Wednesday, January 28, 2015

San Solomon Springs "A Desert Oasis" at Balmorhea State Park in west Texas

San Solomon Springs pool from diving board.Julianne G. Crane)
Situated about about seven miles south of I-10 on Hwy. 17 in west Texas, Balmorhea State Park is known as "A Desert Oasis" for its 77,053 square-foot San Solomon Springs pool. It is reported that 22 – 28 million gallons of water flow through the spring-fed swimming pool each day.

CCC digging the San Solomon Spring Pool (circle 1936)
The 45.9-acre Balmorhea State Park was constructed by Company 1856 of the Civilian Conservation Corps (CCC) between 1936 and 1941, according to the Texas State Parks web site. The CCC was established as a New Deal program by President Franklin D. Roosevelt during the Great Depression as a way to employ people who would have otherwise been out of work. (Click on images to enlarge.)

San Solomon Spring Pool 2014. (Julianne G. Crane)
Said to be the world’s largest spring-fed swimming pool, covering 1.75 acres, its water stays at 72–76 degrees year round. The pool ranges from 3.5-feet to 25-feet at the deepest point. Scuba divers love the clarity, even at a 25-foot depth.

Scuba divers test the waters. Julianne G. Crane)
"With a capacity of more than 3.5 million gallons, the pool has plenty of room for swimmers, offering a unique setting for both scuba and skin diving."

"Other CCC structures in the park include a limestone concession building, two wooden bathhouses, an adobe superintendent residence and the San Solomon Springs Courts offer motel-style retro lodging. All of the CCC buildings are constructed in a Spanish Colonial style of adobe bricks with stucco exteriors and tile roofs."

Viewing platform along the canal. (Julianne G. Crane)
"In addition to swimming and camping, canals from the springs pool lead to a restored ciƩnega (wetland). San Solomon Springs is home to assorted invertebrates, turtles and endangered fish, including the "rare and declining" Headwater Catfish.

Young headwater catfish. (Julianne G. Crane)
"Found exclusively in spring-fed streams of the Pecos and Rio Grande basins, the headwater catfish prefers shallow runs like this canal where it finds shelter and food among rocks and aquatic vegetation. There are fewer headwater catfish today than in decades past due to habitat loss and hybridization with channel catfish. Balmorhea State Park remains one of the last strongholds of survival for this species," states a park information board.

Other animals seen in the park include resident and migrant birds, deer, javelina, hawks, barn swallows, waterfowl, ground squirrels and roadrunners.

For information on the Balmorhea State Park campground that features 34 campsites, click here for a post I wrote for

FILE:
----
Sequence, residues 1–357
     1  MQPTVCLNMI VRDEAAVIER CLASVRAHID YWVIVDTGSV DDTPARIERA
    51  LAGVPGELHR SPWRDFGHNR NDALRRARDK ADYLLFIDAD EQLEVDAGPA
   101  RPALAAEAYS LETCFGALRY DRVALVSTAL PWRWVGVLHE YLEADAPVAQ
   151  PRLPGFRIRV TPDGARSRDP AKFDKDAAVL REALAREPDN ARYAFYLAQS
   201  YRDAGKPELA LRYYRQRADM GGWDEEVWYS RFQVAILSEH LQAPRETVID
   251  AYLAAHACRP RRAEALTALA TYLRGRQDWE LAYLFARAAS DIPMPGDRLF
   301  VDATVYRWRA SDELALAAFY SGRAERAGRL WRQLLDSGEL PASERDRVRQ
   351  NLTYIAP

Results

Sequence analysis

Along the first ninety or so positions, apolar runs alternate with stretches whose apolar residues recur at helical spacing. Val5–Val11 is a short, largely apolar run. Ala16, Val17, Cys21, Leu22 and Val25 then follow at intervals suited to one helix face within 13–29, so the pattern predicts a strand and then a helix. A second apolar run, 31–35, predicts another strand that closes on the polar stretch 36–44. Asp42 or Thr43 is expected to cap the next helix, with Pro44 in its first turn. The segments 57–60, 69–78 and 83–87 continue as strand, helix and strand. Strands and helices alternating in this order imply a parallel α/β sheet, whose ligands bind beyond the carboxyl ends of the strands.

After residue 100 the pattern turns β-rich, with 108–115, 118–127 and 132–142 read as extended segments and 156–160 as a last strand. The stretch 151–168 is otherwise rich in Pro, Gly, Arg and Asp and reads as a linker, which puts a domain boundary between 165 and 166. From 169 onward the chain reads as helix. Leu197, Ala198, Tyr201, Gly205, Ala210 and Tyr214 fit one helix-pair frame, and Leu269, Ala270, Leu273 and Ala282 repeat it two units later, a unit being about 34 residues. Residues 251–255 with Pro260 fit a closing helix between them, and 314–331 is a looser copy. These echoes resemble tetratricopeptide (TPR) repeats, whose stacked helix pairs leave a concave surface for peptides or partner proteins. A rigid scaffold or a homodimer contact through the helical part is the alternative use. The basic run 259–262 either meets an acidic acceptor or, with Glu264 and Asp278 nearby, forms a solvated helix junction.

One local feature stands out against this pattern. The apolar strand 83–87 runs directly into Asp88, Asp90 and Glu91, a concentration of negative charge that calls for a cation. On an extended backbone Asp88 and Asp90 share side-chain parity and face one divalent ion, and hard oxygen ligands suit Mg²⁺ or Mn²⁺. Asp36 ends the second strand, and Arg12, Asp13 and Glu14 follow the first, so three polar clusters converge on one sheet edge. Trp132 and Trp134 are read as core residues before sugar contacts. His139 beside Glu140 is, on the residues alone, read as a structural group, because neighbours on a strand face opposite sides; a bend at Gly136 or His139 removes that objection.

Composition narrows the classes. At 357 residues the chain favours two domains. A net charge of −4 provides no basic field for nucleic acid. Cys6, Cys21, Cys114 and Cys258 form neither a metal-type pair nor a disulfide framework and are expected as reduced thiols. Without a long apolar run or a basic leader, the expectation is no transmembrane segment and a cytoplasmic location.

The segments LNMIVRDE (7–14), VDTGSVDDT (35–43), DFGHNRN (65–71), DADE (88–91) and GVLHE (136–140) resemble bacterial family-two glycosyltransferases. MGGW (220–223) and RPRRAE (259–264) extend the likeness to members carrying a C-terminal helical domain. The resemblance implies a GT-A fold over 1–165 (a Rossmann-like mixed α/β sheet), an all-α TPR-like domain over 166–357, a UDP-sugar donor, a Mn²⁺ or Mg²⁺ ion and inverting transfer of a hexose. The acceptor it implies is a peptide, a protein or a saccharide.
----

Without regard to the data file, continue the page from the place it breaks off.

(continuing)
Balmorhea State Park
P.O. Box 15
Toyahvale, TX 79786

URL: Latitude: 30.944829
Longitude: -103.785147
Fee: Swimmers pay only the $7 day use fee.

BTY: From Mon., May 4--Sun., May 10, 2015, San Solomon Springs pool will be closed for annual cleaning.

For more articles by Julianne G. Crane about RV lifestyle go to
Photos by Julianne G. Crane.

Sunday, January 18, 2015

See a giant-sized meteorite in Barstow, California

Trip Update: Thursday, Jan. 16, 2015

If you happen to be in Barstow, Calif., which is in the desert northeast of Los Angeles, you should stop by the California Desert Information Center to see the Old Woman Meteorite. It's the second largest meteorite ever found in the USA, weighing about three tons. It's mostly iron, which accounts for much of its weight. It came from the Asteroid Belt, which is located in an orbit around the sun between Mars and Jupiter.

There is no need for a burglar alarm on the rock because nobody could ever pick it up without going to lot of trouble. It look a huge effort by the U.S. Marines and a helicopter to lift it onto a truck to bring it to the museum, where it is a big attraction. Three prospector's found it in 1975 in the Old Woman Mountains in San Bernardino County. So that's how it got its name.

PART OF THE METEORITE was sawed off and taken away to be studied. But most of it is still here.

Chances are, this is the oldest thing you will ever see or touch in your life. It's not pretty. It's just a big rock. Still, it's impressive.

Now, your science lesson: All meteorites were once a meteor. They became a meteorite if they made it to the ground without vaporizing, as most do. Most meteorites are dust particles and weigh about .0005 ounces. So the Old Woman Meteorite is a biggie!

The largest meteorite ever found was in Africa and weighs 60 tons. The largest one in the United States, at 15 1/2 tons, landed in Oregon.

Admission to the see the Old Woman Meteorite is free. There are other things to see, too, plus a gift shop where you can buy some cool rocks, but no meteorites.